Who is walt whitman?

Walt Whitman

Walter "Walt" Whitman (May 31, 1819 – March 26, 1892) was an American poet, essayist and journalist. A humanist, he was a part of the transition between transcendentalism and realism, incorporating both views in his works. Whitman is among the most influential poets in the American canon, often called the father of free verse. His work was very controversial in its time, particularly his poetry collection Leaves of Grass, which was described as obscene for its overt sexuality.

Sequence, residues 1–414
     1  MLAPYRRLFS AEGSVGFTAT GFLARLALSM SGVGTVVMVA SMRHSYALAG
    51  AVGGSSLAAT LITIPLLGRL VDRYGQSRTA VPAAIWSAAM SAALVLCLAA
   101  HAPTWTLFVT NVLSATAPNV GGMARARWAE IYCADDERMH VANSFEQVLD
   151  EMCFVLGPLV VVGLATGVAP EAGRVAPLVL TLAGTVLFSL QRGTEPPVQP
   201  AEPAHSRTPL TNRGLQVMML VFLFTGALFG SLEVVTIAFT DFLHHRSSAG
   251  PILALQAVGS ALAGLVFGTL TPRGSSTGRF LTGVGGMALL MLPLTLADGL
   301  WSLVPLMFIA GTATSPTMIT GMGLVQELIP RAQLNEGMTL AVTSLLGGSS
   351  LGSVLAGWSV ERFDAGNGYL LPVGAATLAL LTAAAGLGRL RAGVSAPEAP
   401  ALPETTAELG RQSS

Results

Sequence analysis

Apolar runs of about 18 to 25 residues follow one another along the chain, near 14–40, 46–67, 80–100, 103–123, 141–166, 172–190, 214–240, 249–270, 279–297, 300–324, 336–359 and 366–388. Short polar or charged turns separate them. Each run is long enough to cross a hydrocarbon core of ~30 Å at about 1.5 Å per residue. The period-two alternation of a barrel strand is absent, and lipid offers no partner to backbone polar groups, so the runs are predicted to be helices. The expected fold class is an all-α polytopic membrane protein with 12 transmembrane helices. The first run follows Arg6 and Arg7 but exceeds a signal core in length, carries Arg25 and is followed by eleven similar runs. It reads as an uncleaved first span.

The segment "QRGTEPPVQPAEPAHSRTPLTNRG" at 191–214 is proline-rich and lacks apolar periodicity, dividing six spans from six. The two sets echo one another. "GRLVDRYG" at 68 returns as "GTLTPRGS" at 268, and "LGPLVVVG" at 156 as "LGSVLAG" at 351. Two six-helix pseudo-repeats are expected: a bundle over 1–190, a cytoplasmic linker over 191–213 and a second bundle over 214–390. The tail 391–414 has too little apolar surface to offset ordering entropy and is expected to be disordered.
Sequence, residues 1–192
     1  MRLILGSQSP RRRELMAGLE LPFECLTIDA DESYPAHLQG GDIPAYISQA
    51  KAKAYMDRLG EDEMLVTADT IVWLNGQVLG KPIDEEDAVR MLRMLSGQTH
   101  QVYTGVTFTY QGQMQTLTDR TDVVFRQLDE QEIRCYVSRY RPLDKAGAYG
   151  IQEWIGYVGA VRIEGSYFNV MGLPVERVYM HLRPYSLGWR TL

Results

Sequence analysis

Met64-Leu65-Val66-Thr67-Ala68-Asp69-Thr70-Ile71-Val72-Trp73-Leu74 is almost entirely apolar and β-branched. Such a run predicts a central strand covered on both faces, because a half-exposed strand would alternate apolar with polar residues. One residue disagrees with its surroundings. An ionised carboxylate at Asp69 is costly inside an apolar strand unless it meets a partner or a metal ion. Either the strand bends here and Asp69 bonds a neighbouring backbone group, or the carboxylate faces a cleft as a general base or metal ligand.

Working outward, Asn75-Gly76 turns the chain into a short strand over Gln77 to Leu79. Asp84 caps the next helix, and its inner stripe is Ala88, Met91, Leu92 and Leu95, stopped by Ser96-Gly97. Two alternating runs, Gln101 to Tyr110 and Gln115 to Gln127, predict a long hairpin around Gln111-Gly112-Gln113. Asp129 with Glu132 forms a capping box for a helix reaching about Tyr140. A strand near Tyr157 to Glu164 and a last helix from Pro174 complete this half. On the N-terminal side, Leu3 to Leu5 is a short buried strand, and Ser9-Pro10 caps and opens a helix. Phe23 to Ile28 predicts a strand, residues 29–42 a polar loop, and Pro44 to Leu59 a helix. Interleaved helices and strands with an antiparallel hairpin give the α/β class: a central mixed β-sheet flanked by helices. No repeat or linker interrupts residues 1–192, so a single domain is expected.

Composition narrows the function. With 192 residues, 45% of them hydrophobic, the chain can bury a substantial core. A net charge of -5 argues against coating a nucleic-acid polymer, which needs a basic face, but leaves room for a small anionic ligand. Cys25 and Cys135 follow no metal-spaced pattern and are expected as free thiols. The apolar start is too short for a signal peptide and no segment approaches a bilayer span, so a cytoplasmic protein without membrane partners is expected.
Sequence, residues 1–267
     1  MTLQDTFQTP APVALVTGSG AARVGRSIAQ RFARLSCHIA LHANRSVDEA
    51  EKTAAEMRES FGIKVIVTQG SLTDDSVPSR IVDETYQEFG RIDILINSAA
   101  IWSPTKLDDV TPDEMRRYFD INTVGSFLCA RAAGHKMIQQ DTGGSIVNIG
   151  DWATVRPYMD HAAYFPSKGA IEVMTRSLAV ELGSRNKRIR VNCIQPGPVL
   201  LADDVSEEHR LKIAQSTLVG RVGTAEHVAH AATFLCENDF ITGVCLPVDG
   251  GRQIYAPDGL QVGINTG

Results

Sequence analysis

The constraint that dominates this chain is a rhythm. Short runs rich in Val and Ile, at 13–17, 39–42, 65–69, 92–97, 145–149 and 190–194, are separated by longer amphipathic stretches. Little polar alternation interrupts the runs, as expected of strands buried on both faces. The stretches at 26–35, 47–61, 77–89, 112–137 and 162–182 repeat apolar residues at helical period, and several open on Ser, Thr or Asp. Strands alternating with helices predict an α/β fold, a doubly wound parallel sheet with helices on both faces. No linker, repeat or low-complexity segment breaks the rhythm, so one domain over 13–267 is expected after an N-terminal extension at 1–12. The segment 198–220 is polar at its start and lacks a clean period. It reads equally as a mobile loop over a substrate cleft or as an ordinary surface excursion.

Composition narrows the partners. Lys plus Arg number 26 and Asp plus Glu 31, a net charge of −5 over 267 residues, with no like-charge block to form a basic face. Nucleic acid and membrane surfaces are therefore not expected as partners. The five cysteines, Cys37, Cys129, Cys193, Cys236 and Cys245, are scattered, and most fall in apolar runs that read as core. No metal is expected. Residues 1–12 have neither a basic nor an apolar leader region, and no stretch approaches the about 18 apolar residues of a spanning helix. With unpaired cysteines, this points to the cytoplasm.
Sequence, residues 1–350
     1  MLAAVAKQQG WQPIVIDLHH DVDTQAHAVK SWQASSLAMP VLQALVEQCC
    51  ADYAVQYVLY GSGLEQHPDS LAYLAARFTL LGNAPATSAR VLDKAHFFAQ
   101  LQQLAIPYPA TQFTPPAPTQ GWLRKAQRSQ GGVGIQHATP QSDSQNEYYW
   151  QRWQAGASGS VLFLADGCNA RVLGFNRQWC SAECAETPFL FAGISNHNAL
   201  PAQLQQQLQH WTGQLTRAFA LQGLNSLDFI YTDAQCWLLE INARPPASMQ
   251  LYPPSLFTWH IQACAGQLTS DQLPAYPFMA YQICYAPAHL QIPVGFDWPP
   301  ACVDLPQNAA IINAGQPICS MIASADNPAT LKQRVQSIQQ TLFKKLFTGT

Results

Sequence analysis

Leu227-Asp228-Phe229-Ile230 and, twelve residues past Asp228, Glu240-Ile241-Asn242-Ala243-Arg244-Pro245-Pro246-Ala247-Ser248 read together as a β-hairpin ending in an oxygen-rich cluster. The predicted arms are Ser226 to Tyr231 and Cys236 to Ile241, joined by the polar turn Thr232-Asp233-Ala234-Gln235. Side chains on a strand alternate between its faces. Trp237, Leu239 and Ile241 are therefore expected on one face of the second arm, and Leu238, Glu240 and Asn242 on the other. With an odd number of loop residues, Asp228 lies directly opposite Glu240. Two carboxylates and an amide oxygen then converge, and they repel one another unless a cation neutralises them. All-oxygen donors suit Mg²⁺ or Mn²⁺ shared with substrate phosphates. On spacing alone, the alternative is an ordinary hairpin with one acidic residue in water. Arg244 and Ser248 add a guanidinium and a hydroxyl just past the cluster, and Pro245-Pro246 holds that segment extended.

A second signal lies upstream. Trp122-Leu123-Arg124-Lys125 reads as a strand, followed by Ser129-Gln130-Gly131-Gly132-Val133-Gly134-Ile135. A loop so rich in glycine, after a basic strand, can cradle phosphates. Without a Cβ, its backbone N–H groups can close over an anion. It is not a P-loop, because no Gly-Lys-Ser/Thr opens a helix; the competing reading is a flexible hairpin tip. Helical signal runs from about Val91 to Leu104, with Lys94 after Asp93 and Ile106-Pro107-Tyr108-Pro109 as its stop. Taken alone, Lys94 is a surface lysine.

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Famous quotes containing the words walt whitman and/or whitman:

    Was seiz’d by the spirit that trails in the lines underfoot,
    The rim, the sediment that stands for all the water and all the land
    of the globe.

    Fascinated, my eyes reverting from the south, dropt, to follow those slender windrows,
    Chaff, straw, splinters of wood, weeds, and the sea-gluten,
    Scum, scales from shining rocks, leaves of salt-lettuce, left by the tide,
    Walt Whitman (1819–1892)

    The city sleeps and the country sleeps,
    The living sleep for their time, the dead sleep for their time,
    The old husband sleeps by his wife and the young husband sleeps by his wife;
    And these tend inward to me, and I tend outward to them,
    And such as it is to be of these more or less I am,
    And of these one and all I weave the song of myself.
    —Walt Whitman (1819–1892)